Brooke Shields Slams Barbara Walters For 'Maddening' Interview When She Was 15

If you were to follow the press coverage surrounding Brooke Shields lately, it wouldn't take long to notice that it largely centers around how gracefully she's aging, what parenthood has been like for her, and the health challenges she's gone through along the way.

But while those are common topics for stars with a long career behind them, Shields' public image was far more complicated and controversial when she arrived on the scene as a child star and model in the late 1970s and early 1980s.

And while there's much about that era that Shields sees differently now, one of the moments that seems to shock her the most in retrospect was an interview her and her mother shared with Barbara Walters in the wake of her infamous ads for Calvin Klein.

During a recent appearance on Dax Shepard's "Armchair Expert" podcast, Shields looked back on the 1980 Calvin Klein ad campaign she starred in when she was 15.

According to People, the ad that caught the most backlash saw Shields say, "You want to know what comes between me and my Calvins? Nothing."

But while some at the time seemed to pick up on the racy double entendre and felt it was inappropriate for someone of Shields' age, the media and the public at the time appeared to place the responsibility for the ad on Shields herself.

Shields told Shepard that she could recall paparazzi screaming at her and her mother, who they assumed knew that she was implying she wasn't wearing underwear under her jeans.

Shields described being "naive" at the time and not reading anything lewd into the ads.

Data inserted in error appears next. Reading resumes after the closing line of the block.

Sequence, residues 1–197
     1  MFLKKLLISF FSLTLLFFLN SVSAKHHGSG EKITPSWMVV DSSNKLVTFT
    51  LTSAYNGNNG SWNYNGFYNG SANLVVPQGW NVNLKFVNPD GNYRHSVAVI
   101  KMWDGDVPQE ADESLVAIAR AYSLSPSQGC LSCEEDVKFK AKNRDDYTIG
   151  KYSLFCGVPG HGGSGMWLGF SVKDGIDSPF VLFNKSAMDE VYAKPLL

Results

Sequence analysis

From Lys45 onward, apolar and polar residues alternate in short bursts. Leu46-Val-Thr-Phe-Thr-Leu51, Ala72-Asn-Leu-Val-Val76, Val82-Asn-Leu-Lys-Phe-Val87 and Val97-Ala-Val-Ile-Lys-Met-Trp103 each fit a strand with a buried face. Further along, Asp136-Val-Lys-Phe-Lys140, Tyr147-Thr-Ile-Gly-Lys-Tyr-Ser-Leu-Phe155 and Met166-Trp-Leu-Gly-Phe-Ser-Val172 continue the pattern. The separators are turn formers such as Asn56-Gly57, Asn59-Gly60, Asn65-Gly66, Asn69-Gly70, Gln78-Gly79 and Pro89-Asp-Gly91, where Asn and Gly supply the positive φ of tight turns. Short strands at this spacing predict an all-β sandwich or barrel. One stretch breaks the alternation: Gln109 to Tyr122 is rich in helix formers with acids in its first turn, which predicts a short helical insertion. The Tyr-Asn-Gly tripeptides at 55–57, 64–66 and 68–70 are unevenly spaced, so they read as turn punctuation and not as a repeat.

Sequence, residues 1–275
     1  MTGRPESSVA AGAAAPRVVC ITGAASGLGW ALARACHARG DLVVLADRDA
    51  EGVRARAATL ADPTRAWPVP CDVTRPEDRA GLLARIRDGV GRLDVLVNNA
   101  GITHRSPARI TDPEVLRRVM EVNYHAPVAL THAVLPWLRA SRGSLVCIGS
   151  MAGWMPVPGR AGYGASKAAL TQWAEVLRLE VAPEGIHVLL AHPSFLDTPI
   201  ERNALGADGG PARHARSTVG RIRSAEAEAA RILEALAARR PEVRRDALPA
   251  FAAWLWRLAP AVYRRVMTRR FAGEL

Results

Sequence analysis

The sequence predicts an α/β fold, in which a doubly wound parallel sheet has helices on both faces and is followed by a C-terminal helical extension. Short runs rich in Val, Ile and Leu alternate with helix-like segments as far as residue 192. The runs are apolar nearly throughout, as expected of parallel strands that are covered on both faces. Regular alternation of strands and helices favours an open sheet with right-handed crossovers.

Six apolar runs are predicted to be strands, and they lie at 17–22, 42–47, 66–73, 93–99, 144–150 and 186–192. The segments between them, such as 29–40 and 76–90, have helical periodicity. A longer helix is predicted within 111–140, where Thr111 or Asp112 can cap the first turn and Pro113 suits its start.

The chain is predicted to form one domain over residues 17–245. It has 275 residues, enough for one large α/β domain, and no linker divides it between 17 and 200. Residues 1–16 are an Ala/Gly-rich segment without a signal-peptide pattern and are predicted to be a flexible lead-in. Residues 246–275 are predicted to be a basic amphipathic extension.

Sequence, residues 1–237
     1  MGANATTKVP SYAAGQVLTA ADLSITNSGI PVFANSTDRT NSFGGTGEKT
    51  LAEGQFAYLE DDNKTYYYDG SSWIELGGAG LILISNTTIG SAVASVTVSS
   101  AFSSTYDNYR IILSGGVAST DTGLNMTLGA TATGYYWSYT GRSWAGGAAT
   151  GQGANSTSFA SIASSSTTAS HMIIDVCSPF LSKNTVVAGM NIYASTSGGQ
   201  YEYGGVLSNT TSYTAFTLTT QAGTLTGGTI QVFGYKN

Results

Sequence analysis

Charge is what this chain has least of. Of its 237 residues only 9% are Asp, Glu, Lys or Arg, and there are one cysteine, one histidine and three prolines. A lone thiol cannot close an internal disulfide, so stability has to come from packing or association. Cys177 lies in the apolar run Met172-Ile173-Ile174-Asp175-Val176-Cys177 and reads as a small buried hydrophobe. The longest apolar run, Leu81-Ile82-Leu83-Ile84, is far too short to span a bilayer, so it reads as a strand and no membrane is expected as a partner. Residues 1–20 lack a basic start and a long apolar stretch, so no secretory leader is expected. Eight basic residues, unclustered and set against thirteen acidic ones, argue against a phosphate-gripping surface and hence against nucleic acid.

For her, the line was akin to saying that nothing came between her and her sister, which would just indicate that she really liked the jeans.

As she put it, "I think the assumption is that I was much more savvy than I ever really was."

And one person who she now believes bought into that assumption was Barbara Walters, who interviewed Shields that same year while in the company of the teen's mom.

According to Newsweek, Shepard referred to this interview as "maddening," which prompted Shields to reply, "It's practically criminal. It's not journalism."

An excerpt from this interview is available here and the fact that it begins with Walters asking the then-15 year old for her measurements provides a hint of what's to come.

People reported that this was just one of the interviews at the time that saw people ask Shields a series of invasive questions about the intimate details of her life.

For Shepard and Shields, this tendency spoke to a contradiction within the press at the time to see Shields as both a naive girl being taken advantage of and as someone who's "overtly sexual."

Shepard suggested that the press couldn't figure out what they wanted to say about Shields, to which she replied, "They were mad at themselves for not figuring it out and taking it out on me."

h/t: People, Newsweek